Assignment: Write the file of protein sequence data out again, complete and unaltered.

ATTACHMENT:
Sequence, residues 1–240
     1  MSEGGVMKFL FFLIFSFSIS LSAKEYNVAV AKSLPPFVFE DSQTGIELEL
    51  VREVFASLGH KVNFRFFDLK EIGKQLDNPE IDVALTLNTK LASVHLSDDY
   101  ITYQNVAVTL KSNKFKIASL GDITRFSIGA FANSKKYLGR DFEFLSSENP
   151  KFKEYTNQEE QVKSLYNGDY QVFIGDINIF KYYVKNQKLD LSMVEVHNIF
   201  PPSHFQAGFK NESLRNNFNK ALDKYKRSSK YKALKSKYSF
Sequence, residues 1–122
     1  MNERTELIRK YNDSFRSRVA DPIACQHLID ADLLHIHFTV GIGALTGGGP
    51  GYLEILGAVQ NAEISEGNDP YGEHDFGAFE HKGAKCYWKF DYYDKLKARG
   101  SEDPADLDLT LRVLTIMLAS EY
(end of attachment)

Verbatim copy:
Sequence, residues 1–240
     1  MSEGGVMKFL FFLIFSFSIS LSAKEYNVAV AKSLPPFVFE DSQTGIELEL
    51  VREVFASLGH KVNFRFFDLK EIGKQLDNPE IDVALTLNTK LASVHLSDDY
   101  ITYQNVAVTL KSNKFKIASL GDITRFSIGA FANSKKYLGR DFEFLSSENP
   151  KFKEYTNQEE QVKSLYNGDY QVFIGDINIF KYYVKNQKLD LSMVEVHNIF
   201  PPSHFQAGFK NESLRNNFNK ALDKYKRSSK YKALKSKYSF
Sequence, residues 1–122
     1  MNERTELIRK YNDSFRSRVA DPIACQHLID ADLLHIHFTV GIGALTGGGP
    51  GYLEILGAVQ NAEISEGNDP YGEHDFGAFE HKGAKCYWKF DYYDKLKARG
   101  SEDPADLDLT LRVLTIMLAS EY